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Scholastic Aptitude Tests

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CALIFORNIA | LOCAL
December 19, 1994
Re "Retire the Scholastic Aptitude Test," Commentary, Dec. 4: I would like to thank Lee A. Coffin for publicly stating what I have felt all along, that standardized tests do not do a good job of measuring academic achievement in the classroom and that they are biased against poor and minority students. Why can't the College Board abandon the SAT altogether? Haven't the members of the College Board got anything better to do with their time than make the lives of high school juniors and seniors miserable?
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CALIFORNIA | LOCAL
December 19, 1994
Re "Retire the Scholastic Aptitude Test," Commentary, Dec. 4: I would like to thank Lee A. Coffin for publicly stating what I have felt all along, that standardized tests do not do a good job of measuring academic achievement in the classroom and that they are biased against poor and minority students. Why can't the College Board abandon the SAT altogether? Haven't the members of the College Board got anything better to do with their time than make the lives of high school juniors and seniors miserable?
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NEWS
January 14, 1989 | Clipboard researched by Kathie Bozanich, Susan Davis Greene, and Rick VanderKnyff / Los Angeles Times. Graphics by Doris Shields / Los Angeles Times
Following are the scores among county high schools for the Scholastic Aptitude Test (SAT) in both the verbal and math categories. The numbers are an average of the individual scores of all students taking the tests. Highest average in the verbal, 551, was recorded by Fullerton's Sunny Hills High; in math, 569, by Ocean View High in Huntington Beach. A student's individual SAT scores are sometimes used in determining admittance to college. A perfect score, in either category, is 800.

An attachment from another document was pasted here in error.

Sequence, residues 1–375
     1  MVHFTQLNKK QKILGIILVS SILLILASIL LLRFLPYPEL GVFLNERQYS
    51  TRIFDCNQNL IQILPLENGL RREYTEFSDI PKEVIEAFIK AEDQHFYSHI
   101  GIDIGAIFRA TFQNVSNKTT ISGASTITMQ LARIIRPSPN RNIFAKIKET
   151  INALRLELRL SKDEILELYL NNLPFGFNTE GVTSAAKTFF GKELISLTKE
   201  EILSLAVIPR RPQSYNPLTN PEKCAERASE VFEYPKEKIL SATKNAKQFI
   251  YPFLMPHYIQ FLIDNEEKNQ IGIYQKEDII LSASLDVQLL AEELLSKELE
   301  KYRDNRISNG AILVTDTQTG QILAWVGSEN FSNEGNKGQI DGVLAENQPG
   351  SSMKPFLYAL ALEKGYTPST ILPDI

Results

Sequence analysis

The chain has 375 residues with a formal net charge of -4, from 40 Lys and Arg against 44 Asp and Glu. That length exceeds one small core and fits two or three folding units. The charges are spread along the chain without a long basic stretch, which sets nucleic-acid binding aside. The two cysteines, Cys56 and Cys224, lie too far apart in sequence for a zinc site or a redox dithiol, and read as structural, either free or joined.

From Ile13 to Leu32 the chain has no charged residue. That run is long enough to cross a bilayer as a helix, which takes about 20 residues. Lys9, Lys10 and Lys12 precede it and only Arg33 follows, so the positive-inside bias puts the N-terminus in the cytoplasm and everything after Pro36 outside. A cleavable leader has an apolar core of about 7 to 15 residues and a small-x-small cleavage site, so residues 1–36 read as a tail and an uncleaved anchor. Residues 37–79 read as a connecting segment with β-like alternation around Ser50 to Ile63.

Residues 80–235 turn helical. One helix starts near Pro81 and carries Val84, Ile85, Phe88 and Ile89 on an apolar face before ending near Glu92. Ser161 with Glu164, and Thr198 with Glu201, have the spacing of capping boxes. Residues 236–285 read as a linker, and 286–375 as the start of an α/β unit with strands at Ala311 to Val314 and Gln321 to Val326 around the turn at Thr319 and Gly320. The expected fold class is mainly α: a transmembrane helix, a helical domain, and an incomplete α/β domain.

OPINION
December 4, 1994 | LEE COFFIN, Lee A. Coffin is senior associate director of admissions at Connecticut College
Although the granddaddy of college admission criteria still has a pulse, last rites are in order for the Scholastic Aptitude Test. Already, 192 colleges and universities have abandoned the SAT as a required element of their selection process. My own institution joined them last month. It's time for the rest to embrace this movement. During my recruiting visits this fall, I was amazed by the degree of frustration secondary school professionals expressed toward the College Board and its SAT.
NEWS
May 5, 1986 | Associated Press
As many as 10,000 high school students will be given the option of retaking the Scholastic Aptitude Test because two pages of the exam were left blank due to a printing error, officials said. The blanks were in an experimental math section of the test, given Saturday, that was not being counted toward the score. The students affected will be allowed to have the test scored if they were able to finish it despite the blanks. No date for the makeup exam has been set.
OPINION
December 4, 1994 | LEE COFFIN, Lee A. Coffin is senior associate director of admissions at Connecticut College
Although the granddaddy of college admission criteria still has a pulse, last rites are in order for the Scholastic Aptitude Test. Already, 192 colleges and universities have abandoned the SAT as a required element of their selection process. My own institution joined them last month. It's time for the rest to embrace this movement. During my recruiting visits this fall, I was amazed by the degree of frustration secondary school professionals expressed toward the College Board and its SAT.
SPORTS
February 27, 1992 | RAY RIPTON, TIMES STAFF WRITER
The Westchester High boys' basketball team clinched the Coastal Conference and Western League championships last week with a 66-53 victory over Fairfax. It was the first time that the Comets, who won the City Section 4-A Division title last year, had ever won a league title under Ed Azzam, who has coached at Westchester for 13 years. Azzam usually has strong teams, but has had the misfortune of being in the same leagues with powers Crenshaw, Manual Arts, Fremont and Fairfax.
CALIFORNIA | LOCAL
June 14, 1991 | LILY ENG, TIMES STAFF WRITER
It's the kind of nightmare that only high school students can dream of: Imagine spending a Saturday morning taking a three-hour test that can determine college acceptance, then finding out that the scores are no good because of a printing error. The nightmare became reality for nearly 1,000 California students this month after it was discovered that some Scholastic Aptitude Test booklets had questions that were printed twice.
NEWS
March 19, 1990 | LARRY GORDON, TIMES EDUCATION WRITER
The University of California, along with Asian-American educators and activists, are pressing the College Board to add Asian-language examinations to the tests that high school students may take to compete for college entrance. A student can get a leg up in college admissions by doing well on achievement tests in French, Spanish, German, Italian, Latin or Hebrew proficiency achievement exams, even if the language is his native tongue.